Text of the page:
Approximately 2% of colorectal cancer is linked to pre-existing inflammation known as colitis-associated cancer, but most develops in patients without underlying inflammatory bowel disease. Colorectal cancer often follows a genetic pathway whereby loss of the adenomatous polyposis coli (APC) tumour suppressor and activation of β-catenin are followed by mutations in K-Ras, PIK3CA and TP53, as the tumour emerges and progresses1,2. Curiously, however, ‘inflammatory signature’ genes characteristic of colitis-associated cancer are also upregulated in colorectal cancer3,4. Further, like most solid tumours, colorectal cancer exhibits immune/inflammatory infiltrates5, referred to as ‘tumour-elicited inflammation’6. Although infiltrating CD4+ TH1 cells and CD8+ cytotoxic T cells constitute a positive prognostic sign in colorectal cancer7,8, myeloid cells and T-helper interleukin (IL)-17-producing (TH17) cells promote tumorigenesis5,6, and a ‘TH17 expression signature’ in stage I/II colorectal cancer is associated with a drastic decrease in disease-free survival9. Despite its pathogenic importance, the mechanisms responsible for the appearance of tumour-elicited inflammation are poorly understood. Many epithelial cancers develop proximally to microbial communities, which are physically separated from immune cells by an epithelial barrier10. We investigated mechanisms responsible for tumour-elicited inflammation in a mouse model of colorectal tumorigenesis, which, like human colorectal cancer, exhibits upregulation of IL-23 and IL-17. Here we show that IL-23 signalling promotes tumour growth and progression, and development of a tumoural IL-17 response. IL-23 is mainly produced by tumour-associated myeloid cells that are likely to be activated by microbial products, which penetrate the tumours but not adjacent tissue. Both early and late colorectal neoplasms exhibit defective expression of several barrier proteins. We propose that barrier deterioration induced by colorectal-cancer-initiating genetic lesions results in adenoma invasion by microbial products that trigger tumour-elicited inflammation, which in turn drives tumour growth.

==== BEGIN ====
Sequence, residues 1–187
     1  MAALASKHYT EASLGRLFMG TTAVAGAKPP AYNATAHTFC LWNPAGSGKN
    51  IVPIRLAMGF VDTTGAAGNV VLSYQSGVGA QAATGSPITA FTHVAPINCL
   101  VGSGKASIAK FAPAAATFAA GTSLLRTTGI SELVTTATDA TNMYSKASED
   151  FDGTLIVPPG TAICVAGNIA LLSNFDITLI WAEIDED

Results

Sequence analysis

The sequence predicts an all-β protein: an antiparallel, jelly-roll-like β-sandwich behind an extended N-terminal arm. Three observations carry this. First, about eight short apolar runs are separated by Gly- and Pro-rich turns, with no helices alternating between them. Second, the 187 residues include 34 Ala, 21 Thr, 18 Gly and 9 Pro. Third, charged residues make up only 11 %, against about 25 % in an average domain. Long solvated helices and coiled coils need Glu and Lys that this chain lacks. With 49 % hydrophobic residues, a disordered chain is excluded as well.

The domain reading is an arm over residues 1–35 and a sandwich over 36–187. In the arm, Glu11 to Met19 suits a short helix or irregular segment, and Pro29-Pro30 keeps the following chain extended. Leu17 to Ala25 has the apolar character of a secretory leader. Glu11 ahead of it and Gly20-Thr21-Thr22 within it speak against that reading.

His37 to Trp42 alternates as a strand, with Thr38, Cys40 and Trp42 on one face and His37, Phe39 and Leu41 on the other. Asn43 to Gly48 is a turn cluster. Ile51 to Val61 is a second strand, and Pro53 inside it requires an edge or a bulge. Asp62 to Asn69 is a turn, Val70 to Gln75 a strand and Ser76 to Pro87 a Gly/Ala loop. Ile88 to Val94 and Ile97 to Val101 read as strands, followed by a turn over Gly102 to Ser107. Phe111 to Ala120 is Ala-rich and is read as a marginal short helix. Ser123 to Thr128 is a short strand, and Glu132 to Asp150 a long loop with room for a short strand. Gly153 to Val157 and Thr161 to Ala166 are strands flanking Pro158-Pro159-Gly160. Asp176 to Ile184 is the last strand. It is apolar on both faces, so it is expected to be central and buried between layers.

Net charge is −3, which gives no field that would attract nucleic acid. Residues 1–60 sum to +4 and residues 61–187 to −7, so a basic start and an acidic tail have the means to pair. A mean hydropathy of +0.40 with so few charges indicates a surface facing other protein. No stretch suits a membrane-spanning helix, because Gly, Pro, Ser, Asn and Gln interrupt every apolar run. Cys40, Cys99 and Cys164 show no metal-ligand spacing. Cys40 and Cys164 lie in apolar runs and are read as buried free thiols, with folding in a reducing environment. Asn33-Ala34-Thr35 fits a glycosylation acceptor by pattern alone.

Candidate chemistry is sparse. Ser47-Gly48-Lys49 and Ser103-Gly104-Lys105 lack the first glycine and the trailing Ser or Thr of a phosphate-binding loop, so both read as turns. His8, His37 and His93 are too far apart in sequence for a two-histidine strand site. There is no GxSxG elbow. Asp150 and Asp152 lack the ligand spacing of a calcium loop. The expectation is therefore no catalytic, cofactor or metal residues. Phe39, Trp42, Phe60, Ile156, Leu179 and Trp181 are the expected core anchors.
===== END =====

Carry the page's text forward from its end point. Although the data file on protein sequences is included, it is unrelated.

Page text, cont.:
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We thank eBioscience, GeneTex, Santa Cruz, BioLegend and Cell Signaling for antibodies; Genentech and Amgen for Il23−/− and Il17ra−/− mice, respectively, and S. Reid and E. Southon for the help in generating Il23rF/F mice. This work was supported by Crohn’s and Colitis Foundation of America (Career Development Award number 2693), NIH/National Institute of Diabetes and Digestive and Kidney Diseases (K99-DK088589) and a University of California, San Diego, Digestive Disease Research Development Center Pilot Grant (DK080506) to S.I.G.; Croucher Foundation and China Postdoctoral Science Foundation (20110490919) to K.W.; Strategic Young Researcher Overseas Visits Program for Accelerating Brain Circulation to K.T.; SPAR Austria to C.D.; NIH (R01CA082223) to E.R.F.; and NIH (AI043477; DK035108) and American Association for Cancer Research (07-60-21-KARI) grants to M.K., who is an American Cancer Society Research Professor. The content is solely the responsibility of the authors and does not necessarily represent the official views of the NIH.
This file contains Supplementary Table 1 and Supplementary Figures 1-11. Supplementary Figs 1e, 2b and 8a were corrected on 07 November 2012.
About this article
Nature Reviews Cancer (2019)